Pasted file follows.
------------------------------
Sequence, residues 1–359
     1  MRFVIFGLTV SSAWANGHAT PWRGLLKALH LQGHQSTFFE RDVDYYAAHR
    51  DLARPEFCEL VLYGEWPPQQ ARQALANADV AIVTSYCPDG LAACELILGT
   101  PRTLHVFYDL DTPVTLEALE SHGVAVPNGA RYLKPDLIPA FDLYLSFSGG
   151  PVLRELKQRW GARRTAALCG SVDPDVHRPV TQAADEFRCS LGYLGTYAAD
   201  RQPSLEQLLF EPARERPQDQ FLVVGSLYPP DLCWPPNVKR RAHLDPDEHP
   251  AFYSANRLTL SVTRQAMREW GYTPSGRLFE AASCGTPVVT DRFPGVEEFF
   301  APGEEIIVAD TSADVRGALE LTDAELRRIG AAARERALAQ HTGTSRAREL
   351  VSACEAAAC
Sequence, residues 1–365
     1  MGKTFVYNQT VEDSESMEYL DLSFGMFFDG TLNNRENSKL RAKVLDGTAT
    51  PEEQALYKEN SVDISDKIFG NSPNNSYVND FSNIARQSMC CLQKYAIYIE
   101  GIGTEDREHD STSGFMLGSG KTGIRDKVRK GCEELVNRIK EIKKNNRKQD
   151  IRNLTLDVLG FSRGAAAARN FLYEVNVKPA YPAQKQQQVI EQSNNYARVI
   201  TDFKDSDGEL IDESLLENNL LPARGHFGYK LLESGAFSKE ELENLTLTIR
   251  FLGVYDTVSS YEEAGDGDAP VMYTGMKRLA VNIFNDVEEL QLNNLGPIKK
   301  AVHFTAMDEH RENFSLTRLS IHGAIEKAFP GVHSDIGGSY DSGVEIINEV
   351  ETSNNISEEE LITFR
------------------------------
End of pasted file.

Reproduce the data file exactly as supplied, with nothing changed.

Sequence, residues 1–359
     1  MRFVIFGLTV SSAWANGHAT PWRGLLKALH LQGHQSTFFE RDVDYYAAHR
    51  DLARPEFCEL VLYGEWPPQQ ARQALANADV AIVTSYCPDG LAACELILGT
   101  PRTLHVFYDL DTPVTLEALE SHGVAVPNGA RYLKPDLIPA FDLYLSFSGG
   151  PVLRELKQRW GARRTAALCG SVDPDVHRPV TQAADEFRCS LGYLGTYAAD
   201  RQPSLEQLLF EPARERPQDQ FLVVGSLYPP DLCWPPNVKR RAHLDPDEHP
   251  AFYSANRLTL SVTRQAMREW GYTPSGRLFE AASCGTPVVT DRFPGVEEFF
   301  APGEEIIVAD TSADVRGALE LTDAELRRIG AAARERALAQ HTGTSRAREL
   351  VSACEAAAC
Sequence, residues 1–365
     1  MGKTFVYNQT VEDSESMEYL DLSFGMFFDG TLNNRENSKL RAKVLDGTAT
    51  PEEQALYKEN SVDISDKIFG NSPNNSYVND FSNIARQSMC CLQKYAIYIE
   101  GIGTEDREHD STSGFMLGSG KTGIRDKVRK GCEELVNRIK EIKKNNRKQD
   151  IRNLTLDVLG FSRGAAAARN FLYEVNVKPA YPAQKQQQVI EQSNNYARVI
   201  TDFKDSDGEL IDESLLENNL LPARGHFGYK LLESGAFSKE ELENLTLTIR
   251  FLGVYDTVSS YEEAGDGDAP VMYTGMKRLA VNIFNDVEEL QLNNLGPIKK
   301  AVHFTAMDEH RENFSLTRLS IHGAIEKAFP GVHSDIGGSY DSGVEIINEV
   351  ETSNNISEEE LITFR